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Perceived regression led to Walker's release in Buffalo

Today, just five days before the Buffalo Bills open up their 2009 regular season schedule with a Monday Night Football tilt in New England, all eyes are on the team's brand new starting left tackle, Demetrius Bell.  Bell, who returned to practice on Wednesday, became Buffalo's new starting left tackle after the team released veteran Langston Walker.

A source close to the team that I spoke with on Wednesday tells me that Bills decision makers viewed Walker's performance over the final two pre-season games as "pathetic." Buffalo's coaching staff released Walker after the seven-year veteran made, as they see it, a "complete regression" from the 2008 season.  While those harsh words obviously don't speak much to the team's late April decision to tab Walker as the replacement to traded two-time Pro Bowl LT Jason Peters, it was a move the team felt it needed to make.  More after the jump.

Walker could not adapt to no-huddle
Michael Lombardi of the National Football Post described Walker's performance on tape during the pre-season in the following succinct manner:

He was late off the ball, he was poor at cutting off the back side and he was not able to secure the edge in pass rush.

This objective assessment goes hand-in-hand with the sentiment at One Bills Drive.  In addition to the regression, the team noticed - and anyone who caught a game on television or in person may have noticed this, as well, because I certainly did - that Walker was routinely winded in the pre-season.  In the pre-season finale against Detroit, he was visibly struggling to catch his breath during drives, even while in his set awaiting the snap.  Clearly, that wasn't going to work in the no-huddle offense, no matter which tackle position he played at.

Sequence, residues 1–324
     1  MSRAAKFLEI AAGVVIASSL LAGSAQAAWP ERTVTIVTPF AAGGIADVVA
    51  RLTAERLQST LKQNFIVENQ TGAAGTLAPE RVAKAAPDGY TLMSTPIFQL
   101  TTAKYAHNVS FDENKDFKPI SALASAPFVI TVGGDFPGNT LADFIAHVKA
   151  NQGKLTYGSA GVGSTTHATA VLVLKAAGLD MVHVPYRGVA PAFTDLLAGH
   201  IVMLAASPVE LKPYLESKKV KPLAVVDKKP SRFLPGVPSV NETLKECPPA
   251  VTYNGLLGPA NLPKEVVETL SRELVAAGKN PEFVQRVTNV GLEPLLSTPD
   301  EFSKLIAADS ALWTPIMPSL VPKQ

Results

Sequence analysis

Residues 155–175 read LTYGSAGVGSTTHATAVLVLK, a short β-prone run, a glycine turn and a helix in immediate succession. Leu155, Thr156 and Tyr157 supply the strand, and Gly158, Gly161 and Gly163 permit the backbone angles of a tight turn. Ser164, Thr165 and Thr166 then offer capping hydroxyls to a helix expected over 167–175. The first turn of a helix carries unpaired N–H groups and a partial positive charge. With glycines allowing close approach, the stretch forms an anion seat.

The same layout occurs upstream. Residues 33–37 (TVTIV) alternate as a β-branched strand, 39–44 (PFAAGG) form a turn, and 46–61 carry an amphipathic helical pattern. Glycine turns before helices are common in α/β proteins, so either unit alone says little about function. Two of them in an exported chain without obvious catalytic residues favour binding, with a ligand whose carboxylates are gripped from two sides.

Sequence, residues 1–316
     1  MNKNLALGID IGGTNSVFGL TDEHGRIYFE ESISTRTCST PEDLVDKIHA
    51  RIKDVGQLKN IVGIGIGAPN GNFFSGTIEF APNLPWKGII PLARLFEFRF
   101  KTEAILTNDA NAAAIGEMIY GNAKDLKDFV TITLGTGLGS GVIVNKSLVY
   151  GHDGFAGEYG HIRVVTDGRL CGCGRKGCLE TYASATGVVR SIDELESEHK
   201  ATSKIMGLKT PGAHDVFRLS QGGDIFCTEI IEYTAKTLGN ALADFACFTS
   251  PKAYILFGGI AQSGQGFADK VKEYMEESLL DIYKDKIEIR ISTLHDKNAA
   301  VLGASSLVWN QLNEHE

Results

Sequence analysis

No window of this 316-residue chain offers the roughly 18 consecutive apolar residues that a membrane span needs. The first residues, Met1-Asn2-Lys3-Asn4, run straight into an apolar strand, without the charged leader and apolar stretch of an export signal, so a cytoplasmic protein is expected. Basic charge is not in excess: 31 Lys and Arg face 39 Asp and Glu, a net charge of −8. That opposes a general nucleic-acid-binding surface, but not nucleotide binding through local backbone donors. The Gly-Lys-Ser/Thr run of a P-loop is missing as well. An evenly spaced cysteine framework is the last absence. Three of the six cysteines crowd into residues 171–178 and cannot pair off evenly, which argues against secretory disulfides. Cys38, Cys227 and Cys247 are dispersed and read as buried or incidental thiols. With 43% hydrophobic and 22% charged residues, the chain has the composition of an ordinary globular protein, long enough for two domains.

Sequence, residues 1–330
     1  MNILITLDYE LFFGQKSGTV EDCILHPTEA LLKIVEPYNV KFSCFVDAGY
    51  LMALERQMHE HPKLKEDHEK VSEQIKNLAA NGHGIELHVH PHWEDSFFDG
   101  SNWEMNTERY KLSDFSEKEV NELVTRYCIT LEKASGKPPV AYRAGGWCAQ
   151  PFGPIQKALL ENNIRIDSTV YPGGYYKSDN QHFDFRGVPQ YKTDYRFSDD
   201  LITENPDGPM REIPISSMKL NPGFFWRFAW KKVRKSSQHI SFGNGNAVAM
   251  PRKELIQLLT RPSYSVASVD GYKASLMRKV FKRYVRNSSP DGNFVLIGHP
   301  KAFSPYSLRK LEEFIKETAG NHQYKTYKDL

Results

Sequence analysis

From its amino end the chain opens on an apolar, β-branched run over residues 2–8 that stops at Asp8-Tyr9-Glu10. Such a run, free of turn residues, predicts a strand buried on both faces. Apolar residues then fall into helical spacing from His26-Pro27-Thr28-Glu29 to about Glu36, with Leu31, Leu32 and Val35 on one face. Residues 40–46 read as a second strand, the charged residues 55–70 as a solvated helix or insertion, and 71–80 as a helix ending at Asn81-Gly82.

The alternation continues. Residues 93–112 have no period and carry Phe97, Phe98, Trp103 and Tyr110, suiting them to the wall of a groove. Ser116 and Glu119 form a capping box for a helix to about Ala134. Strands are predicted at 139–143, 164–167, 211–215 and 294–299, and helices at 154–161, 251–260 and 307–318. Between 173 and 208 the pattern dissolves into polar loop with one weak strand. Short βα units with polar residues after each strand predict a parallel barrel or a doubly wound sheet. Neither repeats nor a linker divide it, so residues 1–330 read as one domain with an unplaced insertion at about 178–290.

In making this move, the Bills have obviously opened themselves up to harsh criticism.  Buffalo endorsed Walker as a competent replacement to Peters after April's NFL Draft, where they did not, obviously, replace Peters with a rookie left tackle.  Harsher critics point out that the outright release was not necessary, as Walker proved himself capable at right tackle over the past two seasons.  I'm told that the term "complete regression" that was used applies to Walker the player, not Walker the left tackle - the team believes that his skills have diminished severely from 2008 to 2009, and that he would be a liability anywhere along the line.

Once again, the timing of a big move stinks
Many folks have openly wondered why it took the team so long to cut Walker, particularly since's Tim Graham informed us that Bell was the team's preferred left tackle almost three weeks ago.  There's a pretty simple, two-part explanation for that as well - Bell's back injury prevented the team from making a drastic move too early, and as NFL Network's Jason La Canfora tweeted yesterday, the Bills were trying to trade him over the weekend.  Once they were sure that Bell would be returning to practice and it became apparent they weren't even going to get a late draft pick for Walker, they pulled the plug.  The money saved on the remainder of his contract is merely icing on the cake.

This wasn't a pretty situation yesterday, and it's not any prettier today.  The team is now without both of its starting tackles from 2008.  Walker represents the second significant investment along their offensive line that the team has cut since March (the other, of course, being OG Derrick Dockery).  Bell replaces Walker in the lineup as the third starting lineman with exactly zero regular season NFL snaps on his resume.  Their depth at tackle is rather pedestrian.

Time will tell if Buffalo's evaluation of Walker's talents, and whether or not he truly has regressed to the point of not having any value, even as a reserve, is correct.  Given the team's talent evaluation over the past decade (especially when it comes to veterans), skepticism is most certainly warranted.  Even still, the team made the move chiefly because they felt the player wasn't the same player that started in 2008.  Now, they face even more question marks at left tackle, and certainly much more criticism - which only underscores their opinion on Walker.

Now, we turn our attention to Bell, who has a week to prepare for his first NFL start in hostile territory.  We showed off this video this past April, and it's worth posting here again: here's a Bell scouting report from pre-draft 2008.